Real estate advice for first-time buyers
As exciting as it is to purchase your first home, you may also be nervous about all the steps in the process. While this can be a stressful time, especially in a highly competitive market, you can take steps to make the homebuying process easier.
Do your due diligence
Start by figuring out how much house you can afford, what real estate agent you want to work with, and what you’re looking for in a home.
Getting prequalified for a home is an excellent way to determine a base home price you can afford. But keep in mind, you may get prequalified for a home that’s actually out of your price range. It’s helpful to know how much a lender will prequalify you for, but remember, only you can understand how much you can afford within your monthly budget. Consider what else you need and want to spend your money on, so you’re not “house poor” with a mortgage that’s taking up too much of your income.
Also, understand that this isn’t a time for radical changes. When underwriters review your loan application, they want to see a picture of stability. With that in mind, don’t change jobs, buy a car, open more credit accounts, or make any major money moves when you’re looking to buy a house.
Remember that there’s no perfect time to buy a house
While real estate experts have plenty of data about the market, keep in mind that there’s never going to be one right time to buy a home — so don’t get discouraged by the current market. The market is fluid, and the only thing certain is change, so “timing the market” may be a futile exercise.
Target homes on the lower end of your budget
By considering properties below your price limit, you’ll have extra room in your budget to make counter offers in a competitive market. You’re also more likely to present an acceptable offer to sellers if the home fits comfortably within your budget, and you’ll prevent heartbreak when looking for a home.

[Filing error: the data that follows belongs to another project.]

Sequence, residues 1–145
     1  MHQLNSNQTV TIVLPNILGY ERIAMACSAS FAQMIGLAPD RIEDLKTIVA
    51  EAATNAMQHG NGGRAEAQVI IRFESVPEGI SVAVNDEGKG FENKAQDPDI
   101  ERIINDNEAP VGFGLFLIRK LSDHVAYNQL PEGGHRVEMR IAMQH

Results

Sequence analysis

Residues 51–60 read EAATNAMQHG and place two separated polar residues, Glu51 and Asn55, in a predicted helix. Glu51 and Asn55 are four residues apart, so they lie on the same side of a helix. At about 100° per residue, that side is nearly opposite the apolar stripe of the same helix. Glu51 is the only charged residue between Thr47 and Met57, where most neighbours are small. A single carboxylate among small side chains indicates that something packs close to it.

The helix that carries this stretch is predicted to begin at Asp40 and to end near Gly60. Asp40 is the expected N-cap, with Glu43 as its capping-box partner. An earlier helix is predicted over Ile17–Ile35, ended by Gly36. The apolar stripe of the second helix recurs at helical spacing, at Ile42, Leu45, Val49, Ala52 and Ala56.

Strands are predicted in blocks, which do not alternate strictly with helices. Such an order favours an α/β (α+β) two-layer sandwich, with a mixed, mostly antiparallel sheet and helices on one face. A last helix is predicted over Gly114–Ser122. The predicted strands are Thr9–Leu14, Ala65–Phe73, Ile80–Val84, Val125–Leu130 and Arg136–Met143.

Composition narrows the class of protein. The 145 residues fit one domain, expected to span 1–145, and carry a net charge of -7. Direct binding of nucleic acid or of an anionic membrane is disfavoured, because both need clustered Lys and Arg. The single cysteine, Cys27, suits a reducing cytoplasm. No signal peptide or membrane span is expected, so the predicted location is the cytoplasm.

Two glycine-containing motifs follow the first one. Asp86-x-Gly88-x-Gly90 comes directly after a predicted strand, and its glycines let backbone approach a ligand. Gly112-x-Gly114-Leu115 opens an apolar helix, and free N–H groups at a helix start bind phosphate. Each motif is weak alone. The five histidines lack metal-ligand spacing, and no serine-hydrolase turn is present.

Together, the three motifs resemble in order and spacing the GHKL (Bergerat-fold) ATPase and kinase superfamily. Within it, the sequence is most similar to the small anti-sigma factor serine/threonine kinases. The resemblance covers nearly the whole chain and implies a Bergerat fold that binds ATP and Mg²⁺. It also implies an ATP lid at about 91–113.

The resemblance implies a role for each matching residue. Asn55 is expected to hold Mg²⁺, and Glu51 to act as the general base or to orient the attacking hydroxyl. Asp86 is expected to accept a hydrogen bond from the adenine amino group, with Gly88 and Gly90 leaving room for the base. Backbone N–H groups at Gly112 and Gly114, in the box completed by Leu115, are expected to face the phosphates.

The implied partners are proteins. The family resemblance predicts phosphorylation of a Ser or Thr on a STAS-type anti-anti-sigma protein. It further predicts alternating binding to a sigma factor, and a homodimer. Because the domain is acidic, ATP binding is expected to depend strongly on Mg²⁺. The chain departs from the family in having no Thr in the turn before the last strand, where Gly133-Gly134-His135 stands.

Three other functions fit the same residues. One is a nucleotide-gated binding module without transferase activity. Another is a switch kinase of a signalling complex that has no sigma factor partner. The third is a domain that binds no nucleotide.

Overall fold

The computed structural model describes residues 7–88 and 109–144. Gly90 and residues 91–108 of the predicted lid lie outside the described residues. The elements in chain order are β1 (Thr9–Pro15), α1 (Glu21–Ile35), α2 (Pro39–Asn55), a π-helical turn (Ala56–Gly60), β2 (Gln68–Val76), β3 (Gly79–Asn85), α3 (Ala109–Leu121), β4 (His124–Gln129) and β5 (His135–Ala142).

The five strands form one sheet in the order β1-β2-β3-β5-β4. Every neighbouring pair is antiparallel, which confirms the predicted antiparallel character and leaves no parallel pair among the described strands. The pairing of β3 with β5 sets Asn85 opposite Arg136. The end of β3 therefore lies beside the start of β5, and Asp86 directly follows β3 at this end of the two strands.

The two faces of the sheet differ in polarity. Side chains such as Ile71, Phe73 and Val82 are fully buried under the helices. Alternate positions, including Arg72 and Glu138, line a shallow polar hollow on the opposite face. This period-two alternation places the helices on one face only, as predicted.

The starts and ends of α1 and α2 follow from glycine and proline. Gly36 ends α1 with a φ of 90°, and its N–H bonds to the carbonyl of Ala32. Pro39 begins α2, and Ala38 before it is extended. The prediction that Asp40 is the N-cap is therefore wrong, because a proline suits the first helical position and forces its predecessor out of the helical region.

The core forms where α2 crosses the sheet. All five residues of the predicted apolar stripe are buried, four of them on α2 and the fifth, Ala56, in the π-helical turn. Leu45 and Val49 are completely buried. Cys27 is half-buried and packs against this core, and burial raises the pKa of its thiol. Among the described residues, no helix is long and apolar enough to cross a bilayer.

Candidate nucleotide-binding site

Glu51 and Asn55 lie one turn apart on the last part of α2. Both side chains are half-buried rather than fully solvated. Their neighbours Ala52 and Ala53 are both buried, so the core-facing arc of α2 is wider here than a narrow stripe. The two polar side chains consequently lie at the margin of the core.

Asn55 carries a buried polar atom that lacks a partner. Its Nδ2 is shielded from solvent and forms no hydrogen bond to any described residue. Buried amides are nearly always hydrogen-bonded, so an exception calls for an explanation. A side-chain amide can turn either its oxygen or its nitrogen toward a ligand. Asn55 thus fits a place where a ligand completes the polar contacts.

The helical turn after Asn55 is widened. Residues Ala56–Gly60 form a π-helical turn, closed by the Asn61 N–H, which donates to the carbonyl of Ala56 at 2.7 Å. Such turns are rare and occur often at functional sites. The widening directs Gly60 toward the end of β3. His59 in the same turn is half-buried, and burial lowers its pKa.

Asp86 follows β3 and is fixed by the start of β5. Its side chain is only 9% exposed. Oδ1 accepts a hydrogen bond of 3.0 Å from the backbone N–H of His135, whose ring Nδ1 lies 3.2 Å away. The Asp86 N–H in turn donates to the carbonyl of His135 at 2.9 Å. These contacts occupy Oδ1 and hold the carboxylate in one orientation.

What’s more, purchasing a less expensive home means your mortgage will be smaller and easier to manage than a more expensive mortgage.
Make an offer earlier in the week
You may get a better deal by making an offer on a Monday, Tuesday, or Wednesday, when there’s significantly less competition than on the weekends. Realtors typically don’t hold open houses during the week because homeowners are busy with work and their children’s schedules.
Since sellers are less likely to get showings and receive offers on a Monday, Tuesday, or Wednesday, they may be more quick to review and negotiate your offer on these days than on weekends.
Consider working with a mortgage broker
A mortgage broker is an intermediary between you and potential lenders, which can be beneficial to you as a buyer. The mortgage broker will compare lenders on your behalf and find the best interest rates for you. Since they work with many mortgage lenders, brokers can match you with suitable lenders and loan programs to address your needs.
Of course, brokers require a fee or commission for their services, typically between 1% and 2% of the loan amount. The cost can be paid upfront by you or the lender, or the fee can be rolled into your loan. Another option is to use a free online marketplace to compare interest rates from multiple lenders.
Keep a poker face when touring homes
When you find a home you think could be “the one,” it’s natural to get excited and share your enthusiasm with your agent. But if the owner or their agent is within earshot, you could lose some negotiating power.
Real estate advice for first-time sellers
If you’re selling a home, you already have some experience buying in the real estate market. That experience will come in handy, though you may be new to selling and need some tips on how to go about it. Here are several ways to make the selling process go more smoothly.
Boost your home’s appeal
Before listing your home for sale, invest some time in preparing your home for showings. That extra effort could improve your odds of receiving offers shortly after your home hits the market.
Here are a few things you can do to help ensure your home sells as quickly as possible.
Make repairs. Normal wear and tear is to be expected. But when buyers see a large number of necessary repairs, even if they’re minor fixes, they may use the problems as bargaining chips. Or they may decide your home is too much work and walk away without making an offer.
Paint where it’s needed. A fresh coat of paint can make your home pop and provide curb appeal. But if you don’t have the time to repaint your entire home, consider painting the front door and entry, where first impressions matter.